The Danish star collapsed towards the end of the first half in Saturday's Group B fixture and required CPR before being taken to hospital for further examination.
As he was being treated on the pitch during the televised game, Eriksen's team-mates formed a protective wall around the Inter Milan player in an effort to protect his privacy.
The Danish Football Association later issued a statement confirming Eriksen was "awake" and "stable" following the shocking incident at the Parken Stadium in Copenhagen.
What has Eriksen said?
In his first public message since being taken ill, Eriksen says he "feels better" in a short statement released through his representatives to the Italian media.
It read: "Thank you, I won't give up. I feel better now - but I want to understand what's happened. I want to say thank you all for what you did for me."
The update will come as welcome news to the football community and beyond who were shocked by events of Saturday 12 June, as Eriksen collapsed on the pitch.
Eriksen’s long-time girlfriend was in the stands watching the match and could be seen being consoled by Danish players Simon Kjaer and Kasper Schmeichel.
What have the doctors said?
Doctors confirmed Eriksen was "gone" for a short period on the pitch but were able to revive the 29-year-old before he was transported to hospital to recover.
Denmark team doctor Morten Boesen said: “He was gone. We started the resuscitation and we managed to do it. How close were we to losing him? I don’t know, but we got him back after one defib [defibrillation], so that’s quite fast.”
Boesen said the speed at which Eriksen received medical attention played a big factor.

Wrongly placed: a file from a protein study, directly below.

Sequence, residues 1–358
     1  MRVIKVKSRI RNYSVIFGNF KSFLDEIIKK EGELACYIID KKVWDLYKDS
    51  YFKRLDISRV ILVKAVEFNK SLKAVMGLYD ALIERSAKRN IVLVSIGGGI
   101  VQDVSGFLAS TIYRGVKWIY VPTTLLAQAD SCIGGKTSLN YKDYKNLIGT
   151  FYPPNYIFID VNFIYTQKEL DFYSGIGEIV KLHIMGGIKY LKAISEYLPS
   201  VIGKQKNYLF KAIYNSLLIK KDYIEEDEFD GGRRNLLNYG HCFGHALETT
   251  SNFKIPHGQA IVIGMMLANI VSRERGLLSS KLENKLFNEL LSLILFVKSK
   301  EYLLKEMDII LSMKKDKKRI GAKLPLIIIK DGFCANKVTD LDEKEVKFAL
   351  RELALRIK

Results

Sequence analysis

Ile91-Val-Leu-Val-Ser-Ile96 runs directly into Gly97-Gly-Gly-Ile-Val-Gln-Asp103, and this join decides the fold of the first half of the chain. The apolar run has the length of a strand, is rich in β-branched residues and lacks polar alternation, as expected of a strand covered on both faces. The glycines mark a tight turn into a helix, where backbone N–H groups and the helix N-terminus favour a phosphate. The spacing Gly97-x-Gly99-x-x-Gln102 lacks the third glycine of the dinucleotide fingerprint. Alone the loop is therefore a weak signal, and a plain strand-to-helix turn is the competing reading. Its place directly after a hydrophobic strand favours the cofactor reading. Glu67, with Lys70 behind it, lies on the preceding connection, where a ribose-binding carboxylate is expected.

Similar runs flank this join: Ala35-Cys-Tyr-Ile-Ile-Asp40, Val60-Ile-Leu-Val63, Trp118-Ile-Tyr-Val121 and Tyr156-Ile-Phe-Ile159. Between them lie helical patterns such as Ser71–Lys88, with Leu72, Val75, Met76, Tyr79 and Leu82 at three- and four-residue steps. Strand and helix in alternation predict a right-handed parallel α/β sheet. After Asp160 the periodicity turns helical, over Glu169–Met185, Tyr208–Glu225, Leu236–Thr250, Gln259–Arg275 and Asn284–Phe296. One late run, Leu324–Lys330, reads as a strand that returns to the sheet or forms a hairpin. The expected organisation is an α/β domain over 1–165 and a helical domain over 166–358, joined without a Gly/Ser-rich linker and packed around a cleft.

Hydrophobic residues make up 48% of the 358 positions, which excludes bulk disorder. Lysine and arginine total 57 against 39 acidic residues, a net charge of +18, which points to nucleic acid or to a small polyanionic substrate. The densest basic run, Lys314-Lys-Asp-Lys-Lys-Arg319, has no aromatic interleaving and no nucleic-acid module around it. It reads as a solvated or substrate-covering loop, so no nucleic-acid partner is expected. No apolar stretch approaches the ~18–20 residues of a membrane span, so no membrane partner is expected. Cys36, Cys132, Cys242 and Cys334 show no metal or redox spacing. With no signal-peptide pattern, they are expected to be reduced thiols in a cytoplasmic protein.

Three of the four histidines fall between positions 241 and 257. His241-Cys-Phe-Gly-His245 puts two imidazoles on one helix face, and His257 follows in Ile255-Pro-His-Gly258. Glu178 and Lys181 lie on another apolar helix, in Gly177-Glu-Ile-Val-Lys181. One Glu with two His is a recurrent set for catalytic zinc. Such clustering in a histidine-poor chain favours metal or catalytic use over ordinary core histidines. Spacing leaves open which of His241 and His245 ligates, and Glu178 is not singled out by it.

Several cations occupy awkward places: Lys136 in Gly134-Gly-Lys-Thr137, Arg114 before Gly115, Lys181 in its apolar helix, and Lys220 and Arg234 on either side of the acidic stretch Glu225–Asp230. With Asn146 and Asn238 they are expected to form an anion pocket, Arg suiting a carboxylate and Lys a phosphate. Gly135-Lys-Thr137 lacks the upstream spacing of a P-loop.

“How quickly they reacted was decisive I would say,” he said. “The time from when it happens until he receives help is the most important factor. And that was a short period of time. That was decisive.”
Boesen told reporters that Eriksen was answering questions clearly in hospital on Sunday when the midfielder had spoken to his team-mates.
Did the Denmark v Finland match finish?
The match was brought to a premature halt by English referee Anthony Taylor who sent both sets of players back down the tunnel as Eriksen received treatment in the stadium.
But, while the match had stopped, the TV cameras kept rolling, as photographers snapped images of the scene.
The BBC received some criticism for continuing to show the live feed which included scenes of distress.
It said in a statement: “Everyone at the BBC is hoping Christian Eriksen makes a full recovery. We apologise to anyone who was upset by the images broadcast. In stadium coverage is controlled by Uefa as the host broadcaster, and as soon as the match was suspended we took our coverage off air as quickly as possible."
There was a 90-minute break before the match restarted in a game Finland went on to win 1-0.